Dr. Betsy M. Bryan is the Johns Hopkins University Archaeological Museum's Program Director and Near Eastern Studies Professor Emerita. She was previously the Alexander Badawy Professor of Egyptian Art & Archaeology, a position she held from 1986 until 2022. Dr. Bryan specializes in the history, art, and archaeology of the New Kingdom in Egypt, ca. 1600-1000 B.C., with a particular emphasis on the 18th Dynasty, ca. 1550-1300 B.C.
Dr. Bryan's research interests include the organization and techniques of art production as well as the religious and cultural significance of tomb and temple decoration. As part of this research she has studied the unfinished elite painted tomb of the royal butler Suemniwet, ca. 1420 B.C. and is publishing it as a study in painting and its social meaning in the mid-18th Dynasty.
Her current fieldwork is in the temple complex of the goddess Mut at South Karnak, which she divides with the Brooklyn Museum's expedition. Dr. Bryan's research focuses on defining the earliest forms of the temple of Mut of Isheru. Retrieval and restoration of the decoration and architecture of the Hatshepsut and Thutmose III-era shrine is her present field project and is enlarged by study of the rituals represented by the early remains.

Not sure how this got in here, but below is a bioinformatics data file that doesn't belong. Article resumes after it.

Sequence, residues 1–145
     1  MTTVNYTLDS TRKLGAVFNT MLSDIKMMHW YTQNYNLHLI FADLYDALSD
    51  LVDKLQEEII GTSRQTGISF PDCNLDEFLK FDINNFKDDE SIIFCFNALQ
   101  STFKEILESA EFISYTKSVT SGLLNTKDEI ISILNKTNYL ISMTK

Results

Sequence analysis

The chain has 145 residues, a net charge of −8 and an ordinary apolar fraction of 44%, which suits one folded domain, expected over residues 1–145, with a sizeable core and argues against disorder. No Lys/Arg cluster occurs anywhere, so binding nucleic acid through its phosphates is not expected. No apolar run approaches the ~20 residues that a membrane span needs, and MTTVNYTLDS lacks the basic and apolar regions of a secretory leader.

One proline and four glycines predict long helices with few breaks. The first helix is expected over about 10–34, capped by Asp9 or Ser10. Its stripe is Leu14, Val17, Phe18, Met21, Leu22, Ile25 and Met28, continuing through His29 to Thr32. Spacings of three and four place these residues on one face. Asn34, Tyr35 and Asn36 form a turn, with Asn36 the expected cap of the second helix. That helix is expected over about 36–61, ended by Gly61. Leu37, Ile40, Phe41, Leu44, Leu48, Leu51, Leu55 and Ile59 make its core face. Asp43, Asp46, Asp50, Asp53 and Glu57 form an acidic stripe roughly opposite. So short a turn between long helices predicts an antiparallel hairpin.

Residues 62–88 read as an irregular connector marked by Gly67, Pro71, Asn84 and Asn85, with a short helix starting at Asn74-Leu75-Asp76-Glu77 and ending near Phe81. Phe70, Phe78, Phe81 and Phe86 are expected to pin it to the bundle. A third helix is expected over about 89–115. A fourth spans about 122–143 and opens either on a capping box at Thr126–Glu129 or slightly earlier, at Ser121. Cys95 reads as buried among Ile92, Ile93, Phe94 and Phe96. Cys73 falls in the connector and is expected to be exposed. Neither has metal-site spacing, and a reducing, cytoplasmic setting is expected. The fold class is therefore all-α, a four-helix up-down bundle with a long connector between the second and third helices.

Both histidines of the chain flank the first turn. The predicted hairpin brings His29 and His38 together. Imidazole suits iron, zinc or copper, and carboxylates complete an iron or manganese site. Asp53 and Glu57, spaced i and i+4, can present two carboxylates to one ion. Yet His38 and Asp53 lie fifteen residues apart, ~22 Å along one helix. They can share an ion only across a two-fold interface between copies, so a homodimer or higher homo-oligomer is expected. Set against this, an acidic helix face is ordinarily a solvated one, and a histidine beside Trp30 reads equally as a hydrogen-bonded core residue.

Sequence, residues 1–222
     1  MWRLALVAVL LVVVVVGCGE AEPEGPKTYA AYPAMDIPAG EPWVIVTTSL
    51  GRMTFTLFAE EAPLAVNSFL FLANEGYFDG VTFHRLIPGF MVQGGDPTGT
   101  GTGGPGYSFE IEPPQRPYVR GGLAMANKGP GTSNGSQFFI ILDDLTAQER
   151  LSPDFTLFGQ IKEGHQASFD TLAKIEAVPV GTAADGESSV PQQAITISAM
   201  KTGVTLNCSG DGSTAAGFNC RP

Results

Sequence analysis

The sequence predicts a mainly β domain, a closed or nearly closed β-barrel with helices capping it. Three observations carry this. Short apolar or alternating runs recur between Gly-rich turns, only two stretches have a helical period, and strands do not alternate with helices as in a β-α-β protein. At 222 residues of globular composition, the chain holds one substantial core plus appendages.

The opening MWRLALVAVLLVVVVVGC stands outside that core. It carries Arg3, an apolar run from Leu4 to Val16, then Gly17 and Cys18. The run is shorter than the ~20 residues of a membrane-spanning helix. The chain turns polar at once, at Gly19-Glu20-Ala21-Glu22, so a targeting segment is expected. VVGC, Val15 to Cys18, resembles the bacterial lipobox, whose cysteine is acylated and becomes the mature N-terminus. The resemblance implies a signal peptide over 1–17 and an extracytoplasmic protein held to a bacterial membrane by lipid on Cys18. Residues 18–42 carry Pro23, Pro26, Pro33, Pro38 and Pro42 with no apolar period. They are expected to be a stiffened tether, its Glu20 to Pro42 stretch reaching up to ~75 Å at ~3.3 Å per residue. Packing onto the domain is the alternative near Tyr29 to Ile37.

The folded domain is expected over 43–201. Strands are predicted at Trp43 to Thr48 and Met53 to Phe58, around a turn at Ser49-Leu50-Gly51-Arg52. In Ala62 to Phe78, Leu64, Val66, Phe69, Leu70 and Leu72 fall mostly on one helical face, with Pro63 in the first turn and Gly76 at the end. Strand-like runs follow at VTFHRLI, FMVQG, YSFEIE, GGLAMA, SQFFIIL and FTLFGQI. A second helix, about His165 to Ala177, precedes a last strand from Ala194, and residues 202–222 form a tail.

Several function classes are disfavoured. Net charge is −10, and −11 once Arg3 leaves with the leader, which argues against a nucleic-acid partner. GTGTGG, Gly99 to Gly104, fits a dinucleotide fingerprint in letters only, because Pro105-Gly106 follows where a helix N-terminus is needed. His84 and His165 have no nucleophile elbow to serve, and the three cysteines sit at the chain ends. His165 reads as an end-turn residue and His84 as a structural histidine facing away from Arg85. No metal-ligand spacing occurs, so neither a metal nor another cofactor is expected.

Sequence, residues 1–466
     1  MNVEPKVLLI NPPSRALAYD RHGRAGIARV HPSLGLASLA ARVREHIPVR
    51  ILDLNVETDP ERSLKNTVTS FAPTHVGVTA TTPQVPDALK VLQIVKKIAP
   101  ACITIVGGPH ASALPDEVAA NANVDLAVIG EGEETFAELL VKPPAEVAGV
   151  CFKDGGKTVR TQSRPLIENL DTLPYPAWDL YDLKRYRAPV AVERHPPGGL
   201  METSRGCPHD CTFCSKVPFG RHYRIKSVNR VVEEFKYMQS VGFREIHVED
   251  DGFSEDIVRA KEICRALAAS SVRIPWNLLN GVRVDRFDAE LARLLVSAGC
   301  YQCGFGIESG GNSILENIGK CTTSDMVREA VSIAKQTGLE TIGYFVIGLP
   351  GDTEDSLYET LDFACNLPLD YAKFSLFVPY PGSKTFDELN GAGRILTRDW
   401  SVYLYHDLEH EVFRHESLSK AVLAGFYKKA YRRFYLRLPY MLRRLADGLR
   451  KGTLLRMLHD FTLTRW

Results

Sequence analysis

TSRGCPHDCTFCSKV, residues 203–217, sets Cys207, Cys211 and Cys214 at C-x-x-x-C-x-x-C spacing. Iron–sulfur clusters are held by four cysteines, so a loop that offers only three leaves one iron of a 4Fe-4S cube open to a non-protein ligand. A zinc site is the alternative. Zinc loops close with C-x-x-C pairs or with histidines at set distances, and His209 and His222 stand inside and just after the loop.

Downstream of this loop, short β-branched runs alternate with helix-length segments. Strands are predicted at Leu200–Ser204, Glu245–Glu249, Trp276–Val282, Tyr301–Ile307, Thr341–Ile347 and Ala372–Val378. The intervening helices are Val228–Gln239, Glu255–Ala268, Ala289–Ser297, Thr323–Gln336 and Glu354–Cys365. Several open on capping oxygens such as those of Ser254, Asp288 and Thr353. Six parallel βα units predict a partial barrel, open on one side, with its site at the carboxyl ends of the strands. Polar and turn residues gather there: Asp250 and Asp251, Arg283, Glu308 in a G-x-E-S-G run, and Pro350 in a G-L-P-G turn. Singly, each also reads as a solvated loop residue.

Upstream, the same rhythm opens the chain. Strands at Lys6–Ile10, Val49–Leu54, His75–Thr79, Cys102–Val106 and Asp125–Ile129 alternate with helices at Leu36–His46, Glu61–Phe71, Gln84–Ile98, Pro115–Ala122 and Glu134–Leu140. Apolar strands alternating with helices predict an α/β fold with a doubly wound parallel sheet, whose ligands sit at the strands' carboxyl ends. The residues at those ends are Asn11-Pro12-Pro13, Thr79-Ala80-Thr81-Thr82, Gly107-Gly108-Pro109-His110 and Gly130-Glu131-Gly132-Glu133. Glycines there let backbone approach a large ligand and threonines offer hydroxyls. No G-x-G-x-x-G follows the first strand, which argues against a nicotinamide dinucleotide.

Dr. Bryan has also been interested in the presentation of Egypt's visual history to the public and has curated two major loan exhibitions. Between 1986 and 1993 she collaborated with Arielle Kozloff and the Cleveland Museum of Art in creating an exhibition on the art of the reign of Amenhotep III, "Egypt's Dazzling Sun." The exhibition, which opened in Cleveland in 1992, traveled to the Kimbell Museum and then to the Grand Palais in Paris. The form presented in Cleveland won the Apollo award as best exhibition of the year. As guest curator Dr. Bryan also worked with the National Gallery of Art for the traveling exhibition from Egypt, "The Quest for Immortality," which opened in Washington, D.C. in 2002. That exhibition featured art illustrating the New Kingdom concepts of afterlife, particularly associated with the funerary book called the Amduat, "that which is in the netherworld." A facsimile of the burial chamber of king Thutmose III was part of the exhibition. The show traveled in the United States through 2006. Dr. Bryan has also consulted for reinstallations at the Walters Art Museum and the National Museum of Natural History.